Douglas Scholz-Carloson looks at the people stacked up in boxes on his computer screen like an episode of “Hollywood Squares.”
“Welcome, everyone, to ‘The Seductive Countess,’” Scholz-Carlson says before explaining to all of the virtual spectators how to put their screens into gallery mode and turn off their cameras, but encourages them to keep their mics on so their laughter can be heard.
Scholz-Carlson, 53, is a University of Minnesota school of theater arts and dance professor. His students have to satisfy performance credits to graduate, and due to COVID-19 that’s complicated. Large gatherings have been banned, theaters have shuttered and learning has gone online. But Scholz-Carlson decided to experiment.
“The Seductive Countess” was one of four Moliere one-act plays that Scholz-Carlson and his student-actors recreated as “Zoom theater.” They rewrote parts of the script, modernizing jokes and changing dialogue to make the characters aware that they were in a Zoom meeting.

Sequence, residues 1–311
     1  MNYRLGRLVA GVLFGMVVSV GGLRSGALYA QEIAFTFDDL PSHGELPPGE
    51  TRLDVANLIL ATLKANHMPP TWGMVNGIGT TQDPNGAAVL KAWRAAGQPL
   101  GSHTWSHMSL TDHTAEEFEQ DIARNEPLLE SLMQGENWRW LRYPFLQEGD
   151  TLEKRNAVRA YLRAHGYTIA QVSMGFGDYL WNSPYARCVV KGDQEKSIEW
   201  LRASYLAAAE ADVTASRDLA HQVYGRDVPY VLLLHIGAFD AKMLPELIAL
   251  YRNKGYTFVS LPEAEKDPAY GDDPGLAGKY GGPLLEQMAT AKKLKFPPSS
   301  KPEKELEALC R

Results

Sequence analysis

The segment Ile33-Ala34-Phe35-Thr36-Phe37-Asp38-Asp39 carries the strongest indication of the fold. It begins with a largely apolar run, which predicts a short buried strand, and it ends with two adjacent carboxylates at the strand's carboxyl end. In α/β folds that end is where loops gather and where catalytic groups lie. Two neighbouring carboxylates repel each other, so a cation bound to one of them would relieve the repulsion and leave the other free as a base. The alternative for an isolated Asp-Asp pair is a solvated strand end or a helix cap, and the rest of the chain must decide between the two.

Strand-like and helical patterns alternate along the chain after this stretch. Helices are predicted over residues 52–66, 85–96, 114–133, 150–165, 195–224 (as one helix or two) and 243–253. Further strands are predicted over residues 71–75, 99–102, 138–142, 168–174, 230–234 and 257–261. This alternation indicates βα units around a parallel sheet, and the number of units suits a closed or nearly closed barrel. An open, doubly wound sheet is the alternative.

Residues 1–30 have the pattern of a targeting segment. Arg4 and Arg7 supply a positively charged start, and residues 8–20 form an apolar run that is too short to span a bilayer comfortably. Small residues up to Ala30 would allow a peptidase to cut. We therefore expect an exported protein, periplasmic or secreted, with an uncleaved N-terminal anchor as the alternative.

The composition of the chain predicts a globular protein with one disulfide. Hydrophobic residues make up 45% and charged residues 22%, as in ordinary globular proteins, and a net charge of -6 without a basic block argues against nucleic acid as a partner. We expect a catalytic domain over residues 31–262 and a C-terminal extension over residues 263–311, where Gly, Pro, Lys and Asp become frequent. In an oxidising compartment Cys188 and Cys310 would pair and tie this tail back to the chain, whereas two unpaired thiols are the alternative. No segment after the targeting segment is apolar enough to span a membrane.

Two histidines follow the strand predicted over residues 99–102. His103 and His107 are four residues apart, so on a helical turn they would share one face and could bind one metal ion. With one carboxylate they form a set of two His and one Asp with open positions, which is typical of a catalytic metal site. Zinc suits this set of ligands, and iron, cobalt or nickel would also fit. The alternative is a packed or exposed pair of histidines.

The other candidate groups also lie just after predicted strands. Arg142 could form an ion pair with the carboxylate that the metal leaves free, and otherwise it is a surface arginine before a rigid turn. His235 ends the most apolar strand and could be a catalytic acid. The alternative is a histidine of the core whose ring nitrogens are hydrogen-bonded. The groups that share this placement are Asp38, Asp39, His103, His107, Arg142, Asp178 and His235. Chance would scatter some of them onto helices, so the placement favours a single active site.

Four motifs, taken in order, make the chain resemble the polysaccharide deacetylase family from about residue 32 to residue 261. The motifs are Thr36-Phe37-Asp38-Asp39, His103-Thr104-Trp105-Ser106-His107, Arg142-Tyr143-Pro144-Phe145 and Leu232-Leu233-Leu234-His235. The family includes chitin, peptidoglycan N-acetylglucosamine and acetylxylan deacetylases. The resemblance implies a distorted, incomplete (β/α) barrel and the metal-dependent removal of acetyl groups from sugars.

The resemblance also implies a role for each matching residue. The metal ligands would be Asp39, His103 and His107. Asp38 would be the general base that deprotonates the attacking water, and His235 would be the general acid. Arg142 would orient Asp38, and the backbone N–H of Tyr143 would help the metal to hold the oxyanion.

Jordan Reising, a 20-year-old junior in the Guthrie Theater B.F.A. Actor Training Program, plays the title character in “The Seductive Countess.” Her red hair and boisterous personality explode onto the screen, eliciting roars of laughter. She and her co-stars pop in and out of the meeting instead of “entering” or “exiting” a stage and “pass” props through their Zoom windows.
Reising conducted every rehearsal and performed every show from the confines of her apartment bedroom. She says it must’ve been strange for her roommates to hear her screaming for hours each night.
“It was initially the most frustrating process because of the nature of these plays. They’re so physical. I think a fair amount of physical comedy translated, but trying to do a very physical, stylized play in your bedroom is weird,” Reising says. “But also in a good way, I never left the work. I was living in the room. So, I was never not thinking about it.”
Yet Reising is still skeptical of getting an acting degree online. She says that acting requires an empathy and human connection that isn’t attainable that way.
Scholz-Carlson shares Reising’s sentiments. Many are asking what will become of live theater, and some think “livestream” performances may be the future. Though Scholz-Carlson spearheaded the Zoom play initiative at UMN, he disagrees. He says that though virtual theater may open up some interesting new avenues, nothing will ever beat live theater. He thinks audiences will return once bans are lifted and theaters begin to open again.